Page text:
Pence said America is being tested but — in nod to Fort McHenry’s history — said “our flag is still there today.”

To those in the path of the hurricane, he said “our prayers with you tonight” and that the Federal Emergency Management Agency had mobilized supplies.

Pence argued that Americans should trust Trump to rebuild the economy because he is “a proven leader who created the greatest economy in the world.” The Trump administration has touted low unemployment and other economic successes before the pandemic took hold in March.

Democrats have countered that Trump inherited a growing economy. And as Pence spoke, the Biden campaign sent a news release saying Trump had “bungled our response to the coronavirus, leaving America with the worst outbreak in the world with over 175,000 people dead, five million infected, and our economy reeling.”

Before the speech, guests inside the fort chatted before taking their places in about 100 white chairs positioned roughly 3 feet apart. Audience members had their temperatures taken on the way in, but few wore masks.

The fort was bathed in red lights added for the occasion, according to a park ranger. Before the speech, large screens that flanked the stage read: “Trump Pence: Make America Great Again!”

Those arriving at the fort had their choice of red or camouflage “Make America Great Again” hats, as well as masks with the campaign slogan. A gallon bottle of hand sanitizer also graced the giveaway table.

There were scattered protests Wednesday in Baltimore related to Pence’s appearance and the Wisconsin police shooting of Jacob Blake.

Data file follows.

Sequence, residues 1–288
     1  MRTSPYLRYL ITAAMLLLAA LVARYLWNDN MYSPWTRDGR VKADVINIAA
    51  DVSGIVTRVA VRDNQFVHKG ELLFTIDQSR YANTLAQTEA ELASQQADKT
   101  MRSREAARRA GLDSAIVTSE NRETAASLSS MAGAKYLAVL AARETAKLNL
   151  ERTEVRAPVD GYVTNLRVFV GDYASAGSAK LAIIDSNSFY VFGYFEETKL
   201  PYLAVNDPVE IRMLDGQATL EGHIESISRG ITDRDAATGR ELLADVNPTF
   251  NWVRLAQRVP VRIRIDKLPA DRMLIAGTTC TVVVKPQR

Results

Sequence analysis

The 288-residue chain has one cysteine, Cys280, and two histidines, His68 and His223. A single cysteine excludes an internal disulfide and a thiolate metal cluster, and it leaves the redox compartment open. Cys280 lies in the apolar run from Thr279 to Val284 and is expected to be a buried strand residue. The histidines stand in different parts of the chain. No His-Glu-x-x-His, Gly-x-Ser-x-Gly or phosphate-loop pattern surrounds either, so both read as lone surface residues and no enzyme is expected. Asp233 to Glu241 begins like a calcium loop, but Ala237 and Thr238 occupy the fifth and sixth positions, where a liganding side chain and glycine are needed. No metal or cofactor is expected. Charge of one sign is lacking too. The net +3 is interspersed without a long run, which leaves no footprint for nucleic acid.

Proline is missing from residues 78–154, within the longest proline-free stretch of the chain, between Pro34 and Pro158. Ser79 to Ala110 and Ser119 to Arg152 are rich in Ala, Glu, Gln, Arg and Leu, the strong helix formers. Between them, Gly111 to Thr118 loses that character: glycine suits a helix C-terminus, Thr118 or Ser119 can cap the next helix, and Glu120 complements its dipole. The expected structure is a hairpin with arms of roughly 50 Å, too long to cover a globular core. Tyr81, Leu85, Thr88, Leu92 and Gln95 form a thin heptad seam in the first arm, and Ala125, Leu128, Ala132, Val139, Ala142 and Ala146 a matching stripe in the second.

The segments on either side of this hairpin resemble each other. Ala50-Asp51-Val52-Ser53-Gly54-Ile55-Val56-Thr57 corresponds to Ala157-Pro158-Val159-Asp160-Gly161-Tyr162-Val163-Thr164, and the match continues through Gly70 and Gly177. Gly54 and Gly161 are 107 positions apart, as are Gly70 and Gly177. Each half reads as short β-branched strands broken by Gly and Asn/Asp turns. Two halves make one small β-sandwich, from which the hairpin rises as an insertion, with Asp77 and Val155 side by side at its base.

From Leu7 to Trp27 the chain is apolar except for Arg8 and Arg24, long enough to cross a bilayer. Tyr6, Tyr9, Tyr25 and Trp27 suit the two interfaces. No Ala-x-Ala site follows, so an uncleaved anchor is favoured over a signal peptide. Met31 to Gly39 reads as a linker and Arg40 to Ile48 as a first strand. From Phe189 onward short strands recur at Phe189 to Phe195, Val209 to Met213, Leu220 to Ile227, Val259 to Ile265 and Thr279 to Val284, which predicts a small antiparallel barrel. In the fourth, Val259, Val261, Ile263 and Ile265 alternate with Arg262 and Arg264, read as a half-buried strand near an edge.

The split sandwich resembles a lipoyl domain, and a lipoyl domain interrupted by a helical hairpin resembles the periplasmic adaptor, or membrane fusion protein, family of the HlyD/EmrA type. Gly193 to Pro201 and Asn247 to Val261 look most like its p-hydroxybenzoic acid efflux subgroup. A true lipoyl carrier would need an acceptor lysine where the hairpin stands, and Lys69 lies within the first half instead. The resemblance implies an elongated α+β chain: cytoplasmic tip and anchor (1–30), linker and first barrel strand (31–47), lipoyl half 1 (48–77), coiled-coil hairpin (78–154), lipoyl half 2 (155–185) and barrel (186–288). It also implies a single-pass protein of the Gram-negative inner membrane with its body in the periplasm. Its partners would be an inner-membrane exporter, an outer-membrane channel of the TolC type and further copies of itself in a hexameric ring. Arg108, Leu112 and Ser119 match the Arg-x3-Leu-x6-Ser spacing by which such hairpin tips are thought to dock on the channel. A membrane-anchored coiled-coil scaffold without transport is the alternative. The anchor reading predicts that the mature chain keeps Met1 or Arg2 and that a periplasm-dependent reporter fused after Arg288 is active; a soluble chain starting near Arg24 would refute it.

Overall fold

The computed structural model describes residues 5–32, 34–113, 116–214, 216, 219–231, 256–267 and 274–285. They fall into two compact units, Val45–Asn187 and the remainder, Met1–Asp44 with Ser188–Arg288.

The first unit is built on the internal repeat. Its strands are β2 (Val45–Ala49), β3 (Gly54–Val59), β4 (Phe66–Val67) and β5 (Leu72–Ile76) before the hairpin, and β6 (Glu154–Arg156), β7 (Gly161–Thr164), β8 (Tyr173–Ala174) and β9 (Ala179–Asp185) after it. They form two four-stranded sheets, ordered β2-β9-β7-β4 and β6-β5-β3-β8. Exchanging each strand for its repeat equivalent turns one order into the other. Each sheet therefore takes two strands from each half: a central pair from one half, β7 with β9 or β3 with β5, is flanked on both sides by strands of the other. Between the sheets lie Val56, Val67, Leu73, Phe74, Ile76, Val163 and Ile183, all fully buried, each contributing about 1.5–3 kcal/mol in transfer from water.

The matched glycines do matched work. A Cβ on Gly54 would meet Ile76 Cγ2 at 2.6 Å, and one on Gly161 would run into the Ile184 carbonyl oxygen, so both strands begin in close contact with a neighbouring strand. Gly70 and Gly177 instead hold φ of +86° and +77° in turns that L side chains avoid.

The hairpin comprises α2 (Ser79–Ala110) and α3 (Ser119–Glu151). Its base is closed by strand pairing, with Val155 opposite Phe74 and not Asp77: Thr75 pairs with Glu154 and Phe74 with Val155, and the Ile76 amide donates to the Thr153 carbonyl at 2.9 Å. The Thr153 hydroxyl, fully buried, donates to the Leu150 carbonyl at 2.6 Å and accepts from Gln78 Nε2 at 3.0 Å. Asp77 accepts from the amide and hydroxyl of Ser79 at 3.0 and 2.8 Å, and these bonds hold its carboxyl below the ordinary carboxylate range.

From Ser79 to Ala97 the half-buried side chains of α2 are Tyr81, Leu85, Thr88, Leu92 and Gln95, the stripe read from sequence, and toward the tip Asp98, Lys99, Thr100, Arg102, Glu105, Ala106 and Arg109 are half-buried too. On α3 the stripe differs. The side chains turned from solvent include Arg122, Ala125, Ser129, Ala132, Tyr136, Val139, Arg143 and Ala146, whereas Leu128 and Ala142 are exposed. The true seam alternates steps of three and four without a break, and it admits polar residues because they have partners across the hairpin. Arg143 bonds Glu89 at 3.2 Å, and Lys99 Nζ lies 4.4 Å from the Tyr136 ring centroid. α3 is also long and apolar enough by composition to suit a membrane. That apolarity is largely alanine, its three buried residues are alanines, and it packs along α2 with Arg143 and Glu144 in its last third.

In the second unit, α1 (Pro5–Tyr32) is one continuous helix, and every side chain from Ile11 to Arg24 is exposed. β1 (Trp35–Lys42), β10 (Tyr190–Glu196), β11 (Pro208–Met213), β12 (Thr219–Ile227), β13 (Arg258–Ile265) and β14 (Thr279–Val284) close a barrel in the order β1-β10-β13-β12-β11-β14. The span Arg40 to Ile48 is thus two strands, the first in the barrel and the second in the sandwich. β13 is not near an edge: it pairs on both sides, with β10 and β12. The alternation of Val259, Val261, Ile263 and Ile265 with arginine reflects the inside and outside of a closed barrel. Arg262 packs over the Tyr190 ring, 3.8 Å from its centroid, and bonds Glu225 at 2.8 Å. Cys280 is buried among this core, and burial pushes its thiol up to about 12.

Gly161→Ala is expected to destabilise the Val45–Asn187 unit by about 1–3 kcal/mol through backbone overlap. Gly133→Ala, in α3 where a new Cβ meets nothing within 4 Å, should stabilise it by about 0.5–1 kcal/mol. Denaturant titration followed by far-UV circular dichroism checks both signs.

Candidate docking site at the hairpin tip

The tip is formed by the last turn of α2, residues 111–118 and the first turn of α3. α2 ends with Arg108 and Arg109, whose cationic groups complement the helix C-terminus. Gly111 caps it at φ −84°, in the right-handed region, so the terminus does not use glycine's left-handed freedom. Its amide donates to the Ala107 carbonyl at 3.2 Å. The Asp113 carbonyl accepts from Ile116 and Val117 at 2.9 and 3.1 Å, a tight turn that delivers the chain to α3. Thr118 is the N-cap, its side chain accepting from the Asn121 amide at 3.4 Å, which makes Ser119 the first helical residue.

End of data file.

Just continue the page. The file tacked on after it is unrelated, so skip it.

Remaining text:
A previously small and low-key crowd outside Fort McHenry swelled to about 60 people around 9 p.m. as a louder group of protesters arrived, led by one person carrying a rainbow flag and another with a sign that said, “Dump Trump.” Clutching bullhorns, the enlarged group surrounded three Trump supporters. The two sides shouted and chanted at each other for about 30 minutes before people began shoving. Police separated the protesters and supporters using tasers and detained one protester.

Later, officers escorted a Trump supporter from the scene and nabbed a man who rode his bike into a group of people.

Earlier Wednesday evening, members of the Peoples Power Assembly honked horns as they drove on nearby streets in a caravan of about 20 vehicles to protest Pence and police abuse. Clutching a sign that read “Trump/Pence, out of Baltimore,” Sharon Black, an organizer, said Baltimore has not forgotten the derogatory remarks Trump made last year about the city. Pence stands for the same values, she said, and that was part of why organizers mobilized.

People fight outside of Fort McHenry before the arrival of Vice President Mike Pence who will speak at the historic site during the RNC.

The fort is where 1,000 U.S. soldiers withstood a British bombardment in 1814, inspiring Francis Scott Key to write the poem that became “The Star-Spangled Banner.” Pence recognized four Medal of Honor recipients and six Purple Heart recipients in the audience Wednesday.